This is a crosspost: I spoke with Jacinta Nandi for „The Left Berlin“ about housework, Rosamunde Pilcher and the joy of living – and cleaning – alone.
Jacinta Nandi and Nadia Shehadeh in conversation about mums, marriage and men. About how housework would be ok if it weren’t for the lazy man in the background. And why cleaning the house is a bit like sex work.
Jacinta: Nadia, I was so happy when you told me you loved my book, “Die Schlechteste Hausfrau der Welt”, – and a little bit surprised, too, if I’m honest. Like, of course, I thought EVERYONE would enjoy my book – I wouldn’t have written it otherwise! But I thought it would appeal more to mums than childless women. So, go on, at the risk of sounding like I’m fishing for compliments – what did you like about it?
Nadia: Well, I think there’s two reasons I loved your book, basically. First of all, I have younger siblings I had to take care of a lot. My youngest sister is nine years younger than me and I practically raised her together with my mum. And the second reason is because I’ve lived together with men! And I often had the feeling that living with cis-males is a bit like having a child.
You know, I moved in with my first boyfriend when I was just 20 years old. Almost 10 years of being exhausted followed. I think this experience was the reason that I decided not to have kids to be honest!
Jacinta: You know, I think it is so weird. We make out like married women are so happy. Like all their dreams came true? At the end of every romantic film, romantic novel, is the woman achieves everything she can possibly dream of: marriage to a rich, Nice Guy. But I just don’t see it. I think the happiest, luckiest, married woman in the world is actually slightly less happy than the unhappiest single mama in the world? Okay, I’m exaggerating a little bit! But the main reasons single mums are unhappy are poverty and stigmatization. When you factor that in, I think single mums are a lot happier than most married women.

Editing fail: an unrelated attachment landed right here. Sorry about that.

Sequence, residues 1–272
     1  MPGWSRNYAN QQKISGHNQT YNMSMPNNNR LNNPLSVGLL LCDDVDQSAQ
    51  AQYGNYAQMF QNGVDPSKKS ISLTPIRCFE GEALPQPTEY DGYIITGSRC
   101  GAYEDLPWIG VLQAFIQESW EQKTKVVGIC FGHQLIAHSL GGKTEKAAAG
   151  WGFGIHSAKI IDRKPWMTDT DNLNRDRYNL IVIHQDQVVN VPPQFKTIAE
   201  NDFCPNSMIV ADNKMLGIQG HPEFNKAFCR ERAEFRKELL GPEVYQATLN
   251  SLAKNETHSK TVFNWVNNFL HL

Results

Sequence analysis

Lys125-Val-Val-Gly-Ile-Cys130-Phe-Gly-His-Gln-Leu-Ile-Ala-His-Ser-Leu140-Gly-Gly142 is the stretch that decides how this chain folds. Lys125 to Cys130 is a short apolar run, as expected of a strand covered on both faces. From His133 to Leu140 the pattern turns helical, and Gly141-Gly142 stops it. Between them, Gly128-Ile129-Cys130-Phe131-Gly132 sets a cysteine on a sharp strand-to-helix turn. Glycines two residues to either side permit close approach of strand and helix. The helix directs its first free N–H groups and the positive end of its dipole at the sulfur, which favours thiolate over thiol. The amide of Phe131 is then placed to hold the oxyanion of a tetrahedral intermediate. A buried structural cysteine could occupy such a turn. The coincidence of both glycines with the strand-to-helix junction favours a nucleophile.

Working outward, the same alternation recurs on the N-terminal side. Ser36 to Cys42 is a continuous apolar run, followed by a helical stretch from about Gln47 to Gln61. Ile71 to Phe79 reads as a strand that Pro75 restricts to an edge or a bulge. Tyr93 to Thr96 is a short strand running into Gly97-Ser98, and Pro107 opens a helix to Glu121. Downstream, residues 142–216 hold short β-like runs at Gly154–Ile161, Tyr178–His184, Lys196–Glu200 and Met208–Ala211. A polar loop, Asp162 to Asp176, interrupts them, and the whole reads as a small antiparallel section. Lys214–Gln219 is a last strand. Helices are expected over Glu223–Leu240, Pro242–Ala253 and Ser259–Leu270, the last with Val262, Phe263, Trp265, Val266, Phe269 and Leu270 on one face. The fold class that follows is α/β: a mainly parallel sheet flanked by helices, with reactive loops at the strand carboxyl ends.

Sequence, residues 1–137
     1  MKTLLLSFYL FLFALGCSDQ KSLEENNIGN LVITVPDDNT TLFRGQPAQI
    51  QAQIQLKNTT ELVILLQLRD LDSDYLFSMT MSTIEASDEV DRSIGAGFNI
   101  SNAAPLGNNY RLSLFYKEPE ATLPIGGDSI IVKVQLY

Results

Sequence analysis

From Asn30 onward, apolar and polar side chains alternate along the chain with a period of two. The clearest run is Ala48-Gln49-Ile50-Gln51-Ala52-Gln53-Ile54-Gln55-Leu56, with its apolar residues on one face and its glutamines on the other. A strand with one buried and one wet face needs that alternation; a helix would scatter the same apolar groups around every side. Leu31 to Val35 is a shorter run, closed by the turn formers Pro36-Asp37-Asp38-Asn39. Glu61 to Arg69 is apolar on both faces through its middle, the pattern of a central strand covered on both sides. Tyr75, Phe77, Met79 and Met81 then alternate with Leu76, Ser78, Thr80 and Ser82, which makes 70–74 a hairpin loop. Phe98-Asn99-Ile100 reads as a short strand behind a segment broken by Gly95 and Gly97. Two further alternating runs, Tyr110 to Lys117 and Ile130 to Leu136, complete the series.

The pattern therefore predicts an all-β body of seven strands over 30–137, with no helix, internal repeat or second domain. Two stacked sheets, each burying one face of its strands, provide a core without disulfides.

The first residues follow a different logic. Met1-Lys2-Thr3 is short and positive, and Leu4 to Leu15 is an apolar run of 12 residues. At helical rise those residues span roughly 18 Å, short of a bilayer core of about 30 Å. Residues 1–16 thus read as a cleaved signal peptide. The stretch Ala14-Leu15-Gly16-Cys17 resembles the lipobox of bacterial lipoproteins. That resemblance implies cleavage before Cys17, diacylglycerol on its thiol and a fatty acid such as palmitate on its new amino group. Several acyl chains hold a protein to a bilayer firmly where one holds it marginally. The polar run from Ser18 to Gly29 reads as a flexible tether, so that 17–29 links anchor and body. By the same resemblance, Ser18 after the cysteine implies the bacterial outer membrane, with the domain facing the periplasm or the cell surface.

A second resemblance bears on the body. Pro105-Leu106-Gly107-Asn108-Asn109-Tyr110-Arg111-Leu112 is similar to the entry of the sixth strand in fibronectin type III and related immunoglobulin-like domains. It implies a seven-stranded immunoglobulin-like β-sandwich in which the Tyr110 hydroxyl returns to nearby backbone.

Nadia: It is totally weird, isn`t it? When it comes to mental load and care-work, I’d still say it’s a lot easier when you are single. Even when you divide all the work in the household, there is still one person who has to have a plan. And from a sociological view, I would say most of the work is done by the person with the most competence. And when it comes to reality, it is so often the women who have more skills.
Jacinta: But women have more skills at all this stuff – the mental load, remembering doctors’ appointments, ironing sheets, buying Christmas presents – because they have to. Right? Because men just check out, emotionally speaking. You know, it’s totally true what you say about cis-men. They’re just like an extra kid at the best of times – and at the worst of times, they’re really fucking shitty to you.
You know, I really piss my friends off, my single girlfriends, who are, like nearing the end of their fertility days. Because I’m just like – in non-corona times, obviously – I’m just like: go to some club, pretend you’re on the pill, get the best-looking guy there to come inside you and have a fucking baby on your own. And they’re all like: Oh, I couldn’t do it on my own! But I genuinely think, a woman who isn’t prepared to be a single mother shouldn’t imagine she’s prepared to be a mum at all. Because those supportive partners? They become a lot less supportive once the babies are born!
Nadia: I can totally imagine that. I mean, even in Germany, I see so many progressive feminist women praising their partners for basic human behaviour.